Blues Image

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Blues Image
OriginTampa, Florida, U.S.
Years active1966 (1966)–1970 (1970)
Past members

Blues Image was an American rock band. They had a hit in 1970 with "Ride Captain Ride", which reached No. 4 on both the Billboard Hot 100 and the Canadian RPM magazine charts.


Blues Image was formed in Tampa, Florida in 1966 by singer-guitarist Mike Pinera, singer-drummer Manuel "Manny" Bertematti, singer-percussionist Joe Lala, keyboardist Emilio Garcia, and bassist Malcolm Jones.[1] They were later joined by keyboardist Frank "Skip" Konte when Emilio Garcia left the band to become a pilot.[1] Blues Image moved to Miami in 1968, where they were instrumental in helping promoters form the most innovative music venue in South Florida, Thee Image.[1] Blues Image became the house band at the club, which featured bands like Cream, Grateful Dead, and Blood, Sweat & Tears.

The band moved to Los Angeles and signed with Atco Records, releasing their self-titled debut album in February 1969.[1] Their second album, Open (April 1970), included the single "Ride Captain Ride."[1] Written by Pinera and Konte, it featured Kent Henry on guitar solo and fills, Pinera playing solo at the end. The album sold over one million copies, and earned a gold record from the R.I.A.A. in August 1970.[2] It was Blues Image's only charting hit, making the group a one-hit wonder.

Pinera left the band to join Iron Butterfly in the fall of 1969, during the recording of Open,[1] and was replaced by singer Denny Correll and guitarist Kent Henry. The band broke up after the release of their third album, Red White & Blues Image, in May 1970.[1]

The various members of Blues Image went on to become parts of other rock bands. Bertematti later played and recorded with New Cactus Band and toured with Iron Butterfly, Chi Coltrane, and Bobby Womack.[1] Pinera also played with Iron Butterfly, New Cactus Band, Ramatam, and Alice Cooper. Konte joined Three Dog Night, and Lala played with Crosby, Stills, Nash & Young.[1] Lala's percussion work also figures prominently on the Stephen Stills/Chris Hillman led group, Manassas.[1] Henry played lead guitar with Steppenwolf prior to their break-up in 1972.

Correll later recorded a series of successful contemporary Christian music (CCM) albums, helped expand the genre's commercial appeal, and achieved airplay with several singles on CCM radio during the late 1970s and early 1980s. He died in 2002. Gary Dunham, who also toured with the last incarnation of Blues Image, also became a solo CCM artist.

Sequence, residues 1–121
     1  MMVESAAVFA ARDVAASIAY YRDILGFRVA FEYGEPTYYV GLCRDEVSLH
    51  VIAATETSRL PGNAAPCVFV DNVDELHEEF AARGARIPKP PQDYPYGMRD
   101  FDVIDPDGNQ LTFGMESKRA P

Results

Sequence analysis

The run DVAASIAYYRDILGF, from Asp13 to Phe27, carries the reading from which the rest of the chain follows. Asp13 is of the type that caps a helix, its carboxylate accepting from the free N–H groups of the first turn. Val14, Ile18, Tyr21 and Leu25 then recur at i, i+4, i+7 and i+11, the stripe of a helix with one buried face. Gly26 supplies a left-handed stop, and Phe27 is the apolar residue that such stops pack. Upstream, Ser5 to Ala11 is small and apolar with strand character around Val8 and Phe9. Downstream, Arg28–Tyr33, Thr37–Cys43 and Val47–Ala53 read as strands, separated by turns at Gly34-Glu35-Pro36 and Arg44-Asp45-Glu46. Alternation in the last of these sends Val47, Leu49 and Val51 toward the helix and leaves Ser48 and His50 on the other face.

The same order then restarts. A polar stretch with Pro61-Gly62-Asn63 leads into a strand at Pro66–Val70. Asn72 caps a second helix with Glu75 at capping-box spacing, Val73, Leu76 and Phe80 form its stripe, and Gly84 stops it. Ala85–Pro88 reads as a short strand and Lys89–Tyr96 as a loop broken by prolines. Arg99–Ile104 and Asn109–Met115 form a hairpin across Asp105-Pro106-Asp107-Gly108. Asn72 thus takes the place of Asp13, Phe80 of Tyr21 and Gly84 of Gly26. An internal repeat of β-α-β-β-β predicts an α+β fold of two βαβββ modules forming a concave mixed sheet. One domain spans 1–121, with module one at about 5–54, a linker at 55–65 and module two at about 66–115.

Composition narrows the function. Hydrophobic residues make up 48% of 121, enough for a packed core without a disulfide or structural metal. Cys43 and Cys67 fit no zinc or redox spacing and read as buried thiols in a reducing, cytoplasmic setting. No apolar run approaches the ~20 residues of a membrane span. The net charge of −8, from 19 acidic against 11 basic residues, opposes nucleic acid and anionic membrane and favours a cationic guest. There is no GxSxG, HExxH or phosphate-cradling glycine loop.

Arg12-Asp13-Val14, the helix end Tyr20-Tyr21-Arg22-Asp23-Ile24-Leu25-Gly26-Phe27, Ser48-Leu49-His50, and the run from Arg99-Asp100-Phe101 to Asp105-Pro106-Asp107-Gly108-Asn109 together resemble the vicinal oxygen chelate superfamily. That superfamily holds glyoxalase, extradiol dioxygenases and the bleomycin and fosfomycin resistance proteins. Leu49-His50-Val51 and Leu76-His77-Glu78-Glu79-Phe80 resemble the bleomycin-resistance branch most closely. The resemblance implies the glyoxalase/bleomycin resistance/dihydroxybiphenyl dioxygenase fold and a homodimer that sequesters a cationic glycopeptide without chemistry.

Pinera has released several solo albums, including In the Garden of Eden.

Joe Lala died of complications from lung cancer on March 18, 2014, at the age of 66.[3]

The group can briefly be seen performing "Ride Captain Ride" in the 1971 film, Dusty and Sweets McGee.


  • Manuel "Manny" Bertematti - drums, vocals (1966-1970)
  • Joe Lala - percussion, vocals (1966-1970; died 2014)
  • Malcolm Jones - bass (1966-1970)
  • Mike Pinera - guitar, vocals (1966-1970)
  • Emilio Garcia - keyboards (1966-1967)
  • Frank "Skip" Konte - keyboards (1967-1970)
  • Denny Correll - vocals (1970; died 2002)
  • Kent Henry - guitar (1970; died 2009)
  • Bill Britton - guitar (1967; left band 1969)



Year Album US Top 200
1969 Blues Image 112
1970 Open 147
Red White & Blues Image

Compilation albums[edit]

Year Album
2005 Rhino Hi-Five : Blues Image


Year Name US Hot 100 Australia[4] Canada
1969 "Lay Your Sweet Love on Me"
1970 "Ride Captain Ride" 4 23 4
"Gas Lamps and Clay" 81 58 88
1971 "Rise Up"


  1. ^ a b c d e f g h i j Colin Larkin, ed. (1992). The Guinness Encyclopedia of Popular Music (First ed.). Guinness Publishing. p. 280. ISBN 0-85112-939-0.
  2. ^ Murrells, Joseph (1978). The Book of Golden Discs (2nd ed.). London: Barrie and Jenkins Ltd. p. 274. ISBN 0-214-20512-6.
  3. ^ Meacham, Andrew (March 19, 2014). "Legendary Tampa percussionist Joe Lala dies at 66". Retrieved April 14, 2015.
  4. ^ Kent, David (1993). Australian Chart Book 1970–1992 (illustrated ed.). St Ives, N.S.W.: Australian Chart Book. p. 39. ISBN 0-646-11917-6.

External links[edit]